Saoirse Ronan is raised by her rogue-spy dad (Eric “Hulk” Bana) in the woods with emphasis on survivalism and attack skills – specifically the skills to attack Cate Blanchett, who killed Ronan’s mom. Was she Ronan’s mom, or was Ronan genetically engineered to be a supersoldier in a lab somewhere? Not important. What’s important is Joe Wright has remade himself as a slick-ass music video director and filled the movie with pumping Chemical Brothers music to distract our minds from the implausibility of the story. Even the implausibility of each individual scene – for example, the one where Hanna is in a manhole, army trucks are driving over her without slowing down then suddenly she’s hanging from one Cape Fear-style, when it seems like the move required to get her into that position in a split second would’ve ripped her arms off. Oh, and she’s never seen electricity before, but sits right down at a computer and within 15 seconds she’s reading up on her mom’s death from google news. In many respects, Attack the Block was the more realistic movie.

Rushmore‘s Olivia Williams plays the hippie mom of Jessica Barden, who steals the show for a while as Hanna’s first friend. But apparently Hanna’s superspy dad never emphasized secrecy, because Hanna tells the kids where she’s supposed to meet her dad, ultimately getting him killed. The movie is just as violent as PG-13 will allow, so he’s killed offscreen, and we never see what happens to the Olivia Williams Family after their interrogation by rogue spies.

Katy didn’t watch the whole thing but rightly points out that the more interesting movie would’ve been about what happens after Hanna has killed Cate Blanchett. A girl with no friends or family, few social graces, no sense of empathy and mad fighting skills who is probably still being hunted by the government – what now?

“What a charming evening we might have had if you hadn’t been a spy, and I a traitor.”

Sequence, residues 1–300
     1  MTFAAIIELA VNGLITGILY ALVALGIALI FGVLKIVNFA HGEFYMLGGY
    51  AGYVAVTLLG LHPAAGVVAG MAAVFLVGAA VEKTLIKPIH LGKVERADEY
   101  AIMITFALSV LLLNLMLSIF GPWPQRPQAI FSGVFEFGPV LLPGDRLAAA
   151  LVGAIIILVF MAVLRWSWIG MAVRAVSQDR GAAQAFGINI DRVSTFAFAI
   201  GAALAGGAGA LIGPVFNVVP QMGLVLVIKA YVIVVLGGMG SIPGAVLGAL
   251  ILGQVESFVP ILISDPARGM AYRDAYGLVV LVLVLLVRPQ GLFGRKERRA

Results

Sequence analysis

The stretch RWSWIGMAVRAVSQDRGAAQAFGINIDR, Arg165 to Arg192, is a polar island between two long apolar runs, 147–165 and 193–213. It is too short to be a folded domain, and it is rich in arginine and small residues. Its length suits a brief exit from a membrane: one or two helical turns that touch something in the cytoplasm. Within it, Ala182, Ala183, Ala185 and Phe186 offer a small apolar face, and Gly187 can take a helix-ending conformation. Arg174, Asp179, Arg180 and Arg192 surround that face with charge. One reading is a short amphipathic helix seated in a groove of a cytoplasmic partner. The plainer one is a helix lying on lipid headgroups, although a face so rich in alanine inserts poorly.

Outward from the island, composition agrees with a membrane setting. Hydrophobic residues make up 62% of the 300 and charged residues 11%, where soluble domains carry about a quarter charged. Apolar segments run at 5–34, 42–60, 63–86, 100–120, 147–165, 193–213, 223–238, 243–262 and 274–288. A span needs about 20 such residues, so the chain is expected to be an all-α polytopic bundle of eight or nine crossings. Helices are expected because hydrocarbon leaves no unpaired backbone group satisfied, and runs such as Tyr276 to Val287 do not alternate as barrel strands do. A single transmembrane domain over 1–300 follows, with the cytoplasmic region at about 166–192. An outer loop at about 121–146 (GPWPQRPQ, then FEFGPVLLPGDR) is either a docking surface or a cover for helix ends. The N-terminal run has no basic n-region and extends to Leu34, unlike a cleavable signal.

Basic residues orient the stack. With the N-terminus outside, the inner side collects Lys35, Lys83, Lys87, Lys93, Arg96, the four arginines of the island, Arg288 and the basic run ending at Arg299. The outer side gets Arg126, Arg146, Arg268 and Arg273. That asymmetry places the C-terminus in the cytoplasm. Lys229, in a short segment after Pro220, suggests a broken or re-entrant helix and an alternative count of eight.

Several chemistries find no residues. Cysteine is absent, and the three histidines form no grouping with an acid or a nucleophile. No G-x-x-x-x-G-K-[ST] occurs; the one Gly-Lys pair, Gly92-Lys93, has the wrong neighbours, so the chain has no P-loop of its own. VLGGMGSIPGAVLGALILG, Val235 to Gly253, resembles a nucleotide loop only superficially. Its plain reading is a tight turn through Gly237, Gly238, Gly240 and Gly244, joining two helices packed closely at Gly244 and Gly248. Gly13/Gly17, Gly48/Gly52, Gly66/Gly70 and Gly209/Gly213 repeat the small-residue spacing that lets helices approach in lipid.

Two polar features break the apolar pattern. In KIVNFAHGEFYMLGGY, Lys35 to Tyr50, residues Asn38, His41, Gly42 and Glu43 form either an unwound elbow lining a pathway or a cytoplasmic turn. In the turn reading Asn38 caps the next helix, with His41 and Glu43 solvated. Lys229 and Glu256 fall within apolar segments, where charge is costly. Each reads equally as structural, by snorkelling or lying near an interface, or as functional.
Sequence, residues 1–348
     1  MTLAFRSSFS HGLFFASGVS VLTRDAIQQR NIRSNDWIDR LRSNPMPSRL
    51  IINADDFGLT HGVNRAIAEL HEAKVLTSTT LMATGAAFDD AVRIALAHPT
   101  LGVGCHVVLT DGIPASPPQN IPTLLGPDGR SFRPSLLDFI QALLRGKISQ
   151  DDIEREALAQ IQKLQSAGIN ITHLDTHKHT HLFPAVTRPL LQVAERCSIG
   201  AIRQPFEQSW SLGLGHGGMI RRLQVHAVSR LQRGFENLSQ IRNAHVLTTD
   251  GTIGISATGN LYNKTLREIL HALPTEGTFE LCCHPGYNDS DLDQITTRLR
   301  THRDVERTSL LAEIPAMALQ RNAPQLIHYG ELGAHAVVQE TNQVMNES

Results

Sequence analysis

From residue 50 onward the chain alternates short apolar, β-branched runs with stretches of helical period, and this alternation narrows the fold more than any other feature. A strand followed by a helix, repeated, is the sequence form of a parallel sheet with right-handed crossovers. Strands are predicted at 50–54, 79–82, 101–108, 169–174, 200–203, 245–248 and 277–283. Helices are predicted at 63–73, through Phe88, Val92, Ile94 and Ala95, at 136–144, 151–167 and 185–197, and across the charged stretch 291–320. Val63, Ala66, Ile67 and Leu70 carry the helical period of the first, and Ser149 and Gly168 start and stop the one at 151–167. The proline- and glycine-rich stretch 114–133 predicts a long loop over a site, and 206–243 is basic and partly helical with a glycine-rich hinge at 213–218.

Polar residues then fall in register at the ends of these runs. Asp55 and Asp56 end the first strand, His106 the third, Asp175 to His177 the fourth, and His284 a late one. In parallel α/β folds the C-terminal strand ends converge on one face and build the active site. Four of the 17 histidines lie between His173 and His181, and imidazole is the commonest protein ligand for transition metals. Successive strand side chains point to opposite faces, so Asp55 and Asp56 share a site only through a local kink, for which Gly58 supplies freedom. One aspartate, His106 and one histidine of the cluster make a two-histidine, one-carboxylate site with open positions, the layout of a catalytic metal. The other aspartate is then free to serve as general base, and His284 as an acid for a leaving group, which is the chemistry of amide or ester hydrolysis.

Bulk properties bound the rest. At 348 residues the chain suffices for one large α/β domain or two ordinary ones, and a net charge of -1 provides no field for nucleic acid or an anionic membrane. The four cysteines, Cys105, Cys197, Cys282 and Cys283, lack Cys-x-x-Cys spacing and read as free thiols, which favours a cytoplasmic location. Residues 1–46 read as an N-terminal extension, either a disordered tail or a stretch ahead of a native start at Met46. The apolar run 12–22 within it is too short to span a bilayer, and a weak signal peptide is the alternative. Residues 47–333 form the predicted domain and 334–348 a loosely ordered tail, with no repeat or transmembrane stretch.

“Then we might never have met.”

Another Sternberg/Dietrich movie, and this one just kills The Blue Angel, which I thought was overbaked and had too little Dietrich. Here not only is she perfectly lit and doing a better acting job throughout, but the story is a wartime (1915 Austria) spy vs. spy drama, all romance and excitement, more alive and relevant than the period self-punishment of Emil Jannings. Sternberg seems fully comfortable in his sound world now, maybe not pulling as beautiful images as in the silents, when it was all image, but making a movie that fully works. Some good expressive lighting (backlit against windows when she lets Victor escape) and long-held cross-fades.

Marlene with Austrian secret service man Gustav von Seyffertitz (Hymn Book Harry, who performs the wedding in Docks of New York):

The opening titles prepare us for tragedy and sexism, telling us that codename X-27 “might have become the greatest spy in history… if X-27 had not been a woman.” This is referring to the ending, when she lets the enemy spy she loves escape before his execution, which leads to her own. But of course the reason she’s a great spy in the first place is that she’s a woman, able to seduce and sleep with (whoa, pre-code) enemy officers in order to steal information, the Black Book of its time.

At the start, war widow Marlene is out streetwalking to pay the rent (whoa, pre-code!) when she picks up a gentleman with a droopy ‘stache who tests her patriotism, pretending to try recruiting her for anti-Austrian work, and when she has him arrested he reveals that he’s the head of Austrian secret service and actually wants to hire her for pro-Austrian work, argh.